"Ask Your Doctor"
Updated: Apr 3, 2022
Physician, heal thyself is a common refrain we have heard. In the mini docu-drama, Dopesick which many of us watched with great interest there is a telling dialog between Dr. Finnix and a state official. This was in either episode 5 or 6. Dr. Finnix gets addicted to prescription opioids and like many of his patients he starts on Suboxone and is doing well. He goes to the medical board seeking to get his medical license back and is told he cannot be on medication assisted treatment (MAT) to have his license reinstated. MAT for all practical purposes is either methadone or buprenorphine (Suboxone). These opioid meds are often described as the ‘gold standard’ of treatment. Wait a minute, Dr. Finnix cannot be on Suboxone, the ‘gold standard’ and practice medicine? Here in lies a paradox – physicians cannot practice what they preach when it comes to the treatment of addictive disorders!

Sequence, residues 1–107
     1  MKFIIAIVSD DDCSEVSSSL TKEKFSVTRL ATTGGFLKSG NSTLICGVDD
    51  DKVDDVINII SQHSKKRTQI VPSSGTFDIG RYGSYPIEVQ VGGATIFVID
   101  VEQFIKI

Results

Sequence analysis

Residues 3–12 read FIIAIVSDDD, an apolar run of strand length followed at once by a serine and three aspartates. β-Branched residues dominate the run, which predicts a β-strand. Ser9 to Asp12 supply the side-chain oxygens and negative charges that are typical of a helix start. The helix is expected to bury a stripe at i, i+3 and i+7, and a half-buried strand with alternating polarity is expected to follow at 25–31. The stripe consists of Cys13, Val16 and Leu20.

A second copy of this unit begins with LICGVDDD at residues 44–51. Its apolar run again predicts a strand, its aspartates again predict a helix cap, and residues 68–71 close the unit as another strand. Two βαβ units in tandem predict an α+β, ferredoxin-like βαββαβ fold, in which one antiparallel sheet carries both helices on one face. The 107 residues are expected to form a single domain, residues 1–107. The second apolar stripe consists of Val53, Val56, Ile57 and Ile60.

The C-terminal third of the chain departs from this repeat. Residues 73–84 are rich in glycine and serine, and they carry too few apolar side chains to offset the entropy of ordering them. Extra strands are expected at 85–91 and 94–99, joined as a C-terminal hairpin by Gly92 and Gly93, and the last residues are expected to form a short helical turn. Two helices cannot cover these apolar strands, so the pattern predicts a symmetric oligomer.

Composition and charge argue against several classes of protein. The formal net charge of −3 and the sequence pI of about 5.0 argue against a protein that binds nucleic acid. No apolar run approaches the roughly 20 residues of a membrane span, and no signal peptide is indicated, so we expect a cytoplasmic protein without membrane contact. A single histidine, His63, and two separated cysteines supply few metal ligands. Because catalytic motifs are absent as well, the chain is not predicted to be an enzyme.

Physicians are among the most trusted professionals to seek medical advice and referrals. “Ask your doctor” or “Let me check with my doctor” is the common response. What do physicians do when they find themselves addicted to drugs or alcohol? The immediate reaction is intense fear and anxiety, facing the specter of losing his/her license. They are aware about how expensive and disruptive treatment for physicians can be and may potentially jeopardize their careers. The physician my attempt to hide the problem in the hope of overcoming the problem. For many it is a downward spiral. The treatment programs for physicians are a lot more intense, expensive, and involve going to residential treatment followed by rigorous monitoring etc. No state medical board allows physicians to be on methadone and only a handful allow the use of buprenorphine if they want their medical license reinstated. The majority of physicians voluntarily agree to be on the non-opioid medication naltrexone, or the monthly injection of naltrexone called Vivitrol. The same is the case with airline pilots and interstate commercial truck drivers. This begs the question, why the double standard? Do we have one standard to treat highly motivated patients and a different standard to treat ‘less motivated’. An interesting point to debate. Percy Menzies, M. Pharm. is the president of Assisted Recovery Centers of America (ARCA), an integrated treatment center for addictive disorders and mental health based in St Louis. He can be reached at: email@example.com.